21. Daughters of the Dust (1991)
  22. Peyton Place (1957)
  23. Waterloo Bridge (1931)
  24. The Oklahoma Kid (1939)
  25. Xanadu (1980)
  26. Re-Watch: The Monster Club (1981)
  27. Who's That Knocking at My Door (1967)
  28. The Show (1927)
  29. Love, Simon (2018)
  30. Rome, Open City (1945)
  31. Crouching Tiger, Hidden Dragon (2000)
  32. Re-Watch: Broadway Danny Rose (1984)
  33. Mamma Roma (1962) 
  34. The Children's Hour (1961)
  35. Paris When It Sizzles (1964)
  36. How to Steal a Million (1966)
  37. Two for the Road (1967)
  38. My Night at Maud's (1969)
  39. Wonder Wheel (2017)
  40. Water (2005)
  41. Re-Watch: Night on Earth (1991)
  42. Cool Runnings (1993)
  43. Robin and Marian (1976)
By Decade:

  • 10s: 0
  • 20s: 1
  • 30s: 8
  • 40s: 3
  • 50s: 3
  • 60s: 9
  • 70s: 2
  • 80s: 4
  • 90s: 5
  • 2000s: 3
  • 2010s: 5
Annihilation (2018) (image via The Atlantic)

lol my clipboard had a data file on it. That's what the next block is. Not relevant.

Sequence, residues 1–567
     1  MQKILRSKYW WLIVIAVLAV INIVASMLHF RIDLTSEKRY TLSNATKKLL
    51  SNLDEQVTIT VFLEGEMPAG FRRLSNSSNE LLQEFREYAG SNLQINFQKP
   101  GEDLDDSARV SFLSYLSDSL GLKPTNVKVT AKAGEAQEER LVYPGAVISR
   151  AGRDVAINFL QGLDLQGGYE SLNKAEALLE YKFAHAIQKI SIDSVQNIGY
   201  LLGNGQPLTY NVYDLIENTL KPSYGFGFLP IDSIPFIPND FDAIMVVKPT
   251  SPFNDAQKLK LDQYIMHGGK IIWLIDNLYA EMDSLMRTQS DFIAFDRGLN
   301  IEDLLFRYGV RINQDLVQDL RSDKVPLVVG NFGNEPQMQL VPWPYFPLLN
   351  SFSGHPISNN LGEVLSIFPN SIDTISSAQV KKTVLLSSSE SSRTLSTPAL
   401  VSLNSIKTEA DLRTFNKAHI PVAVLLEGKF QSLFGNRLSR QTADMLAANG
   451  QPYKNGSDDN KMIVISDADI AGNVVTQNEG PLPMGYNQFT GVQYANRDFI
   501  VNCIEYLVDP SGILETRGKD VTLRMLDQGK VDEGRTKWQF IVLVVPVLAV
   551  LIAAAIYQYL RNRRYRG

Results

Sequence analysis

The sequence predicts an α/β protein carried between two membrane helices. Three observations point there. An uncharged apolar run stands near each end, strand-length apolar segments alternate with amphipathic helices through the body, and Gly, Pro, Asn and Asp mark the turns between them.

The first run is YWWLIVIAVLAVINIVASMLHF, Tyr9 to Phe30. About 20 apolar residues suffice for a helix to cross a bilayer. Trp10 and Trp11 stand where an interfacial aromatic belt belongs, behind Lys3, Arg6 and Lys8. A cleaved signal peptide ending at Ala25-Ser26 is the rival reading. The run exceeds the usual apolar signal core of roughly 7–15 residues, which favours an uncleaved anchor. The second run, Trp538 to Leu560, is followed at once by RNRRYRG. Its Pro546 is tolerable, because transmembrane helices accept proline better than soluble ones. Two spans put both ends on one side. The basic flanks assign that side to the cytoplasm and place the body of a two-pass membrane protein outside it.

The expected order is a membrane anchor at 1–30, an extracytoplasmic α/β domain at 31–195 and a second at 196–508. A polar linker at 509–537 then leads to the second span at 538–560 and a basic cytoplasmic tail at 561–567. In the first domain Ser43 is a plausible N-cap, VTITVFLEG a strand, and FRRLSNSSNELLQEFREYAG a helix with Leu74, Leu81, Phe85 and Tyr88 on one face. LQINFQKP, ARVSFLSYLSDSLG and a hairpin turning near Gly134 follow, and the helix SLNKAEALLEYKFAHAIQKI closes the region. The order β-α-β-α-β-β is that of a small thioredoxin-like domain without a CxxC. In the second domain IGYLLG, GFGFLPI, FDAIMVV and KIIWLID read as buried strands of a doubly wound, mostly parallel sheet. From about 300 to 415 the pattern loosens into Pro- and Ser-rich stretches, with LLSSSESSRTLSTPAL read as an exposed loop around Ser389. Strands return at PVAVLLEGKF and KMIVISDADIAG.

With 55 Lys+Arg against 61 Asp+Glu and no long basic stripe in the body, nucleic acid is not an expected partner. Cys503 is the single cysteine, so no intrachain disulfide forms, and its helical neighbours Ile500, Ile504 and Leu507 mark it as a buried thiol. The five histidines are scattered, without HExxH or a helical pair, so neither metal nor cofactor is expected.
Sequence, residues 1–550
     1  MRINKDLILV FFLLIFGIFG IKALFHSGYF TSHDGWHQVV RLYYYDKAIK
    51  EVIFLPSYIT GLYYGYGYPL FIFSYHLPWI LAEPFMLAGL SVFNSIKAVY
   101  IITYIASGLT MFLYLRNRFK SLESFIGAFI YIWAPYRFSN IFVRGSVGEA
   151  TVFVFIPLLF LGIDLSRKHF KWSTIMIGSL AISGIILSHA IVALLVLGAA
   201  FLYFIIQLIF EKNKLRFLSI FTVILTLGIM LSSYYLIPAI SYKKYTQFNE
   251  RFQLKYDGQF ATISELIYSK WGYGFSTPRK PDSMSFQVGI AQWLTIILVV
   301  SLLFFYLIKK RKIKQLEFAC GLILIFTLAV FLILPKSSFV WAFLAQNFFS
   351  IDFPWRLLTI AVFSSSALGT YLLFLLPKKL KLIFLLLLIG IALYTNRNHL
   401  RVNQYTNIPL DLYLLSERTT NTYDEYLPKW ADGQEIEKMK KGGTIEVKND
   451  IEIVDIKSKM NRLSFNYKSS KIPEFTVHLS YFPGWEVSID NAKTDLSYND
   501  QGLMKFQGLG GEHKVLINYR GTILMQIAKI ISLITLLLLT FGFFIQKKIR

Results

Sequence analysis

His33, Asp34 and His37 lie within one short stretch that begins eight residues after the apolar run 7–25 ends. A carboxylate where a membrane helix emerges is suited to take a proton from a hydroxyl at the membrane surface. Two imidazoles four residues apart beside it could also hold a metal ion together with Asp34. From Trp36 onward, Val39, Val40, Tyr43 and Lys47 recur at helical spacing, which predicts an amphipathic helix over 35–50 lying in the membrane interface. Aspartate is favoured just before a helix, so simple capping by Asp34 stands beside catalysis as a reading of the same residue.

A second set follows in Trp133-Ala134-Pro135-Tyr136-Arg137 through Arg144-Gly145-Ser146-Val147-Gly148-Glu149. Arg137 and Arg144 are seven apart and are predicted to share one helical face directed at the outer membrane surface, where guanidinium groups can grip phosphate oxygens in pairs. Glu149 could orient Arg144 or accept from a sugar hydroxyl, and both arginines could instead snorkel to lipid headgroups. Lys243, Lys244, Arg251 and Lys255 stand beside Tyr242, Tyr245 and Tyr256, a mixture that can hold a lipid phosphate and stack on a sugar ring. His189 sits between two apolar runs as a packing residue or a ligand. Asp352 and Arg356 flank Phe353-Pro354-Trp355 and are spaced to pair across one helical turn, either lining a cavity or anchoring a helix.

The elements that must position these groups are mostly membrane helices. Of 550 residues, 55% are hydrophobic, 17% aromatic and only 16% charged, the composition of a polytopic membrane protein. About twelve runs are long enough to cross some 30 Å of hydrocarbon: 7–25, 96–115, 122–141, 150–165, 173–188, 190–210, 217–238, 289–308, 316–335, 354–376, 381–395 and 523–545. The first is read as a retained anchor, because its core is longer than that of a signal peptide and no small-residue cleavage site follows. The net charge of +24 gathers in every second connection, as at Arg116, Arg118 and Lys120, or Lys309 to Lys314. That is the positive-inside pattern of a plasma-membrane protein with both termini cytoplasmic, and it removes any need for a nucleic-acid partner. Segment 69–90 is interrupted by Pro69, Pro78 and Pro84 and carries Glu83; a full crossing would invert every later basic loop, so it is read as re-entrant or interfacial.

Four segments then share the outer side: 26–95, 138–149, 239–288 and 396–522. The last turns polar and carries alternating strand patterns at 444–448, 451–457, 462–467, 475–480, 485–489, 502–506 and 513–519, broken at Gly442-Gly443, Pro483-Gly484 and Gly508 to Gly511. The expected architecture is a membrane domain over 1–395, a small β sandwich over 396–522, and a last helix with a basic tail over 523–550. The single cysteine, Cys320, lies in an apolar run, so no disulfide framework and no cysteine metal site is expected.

Annihilation is the kind of film you go to the theater for, and the kind of film that is not often seen in a theater nowadays--in fact, I am very lucky to live in a country where this film actually played in theaters, because there are a lot of countries where it did not. It is the kind of film that demands a big, dark screening room that forces you to clear your head of distractions and instead maintain complete focus on the story unfolding before you. The story may not be perfect or even as "original" as many enthusiasts have claimed, but then very few narratives are truly perfect or original. What I took such joy in was the subtle and not-so-subtle subversion of convention that Annihilation so skillfully employed: the whole military team being female; the incredible visual designs of plants and animals that merely reside in the background and are never fully explored or explained; the slow and thoughtful pacing of the various treks through the wilderness; and my favorite of all, the folk soundtrack. I knew I was witnessing something very special as I sat there in the dark, watching these characters journey into this unknown place with "Helplessly Hoping" playing softly over them. As bold and original as many recent sci-fi and horror offerings have been, very few of them have been willing to experiment with their soundtracks, A Quiet Place being an example of an otherwise excellent film that falters in its very generic score. Annihilation had no such fears, and the risk certainly paid off, leaving me smiling every time I passed the theater and heard those soft vocals emanating through the door as loud crashes and bangs came out of every other one.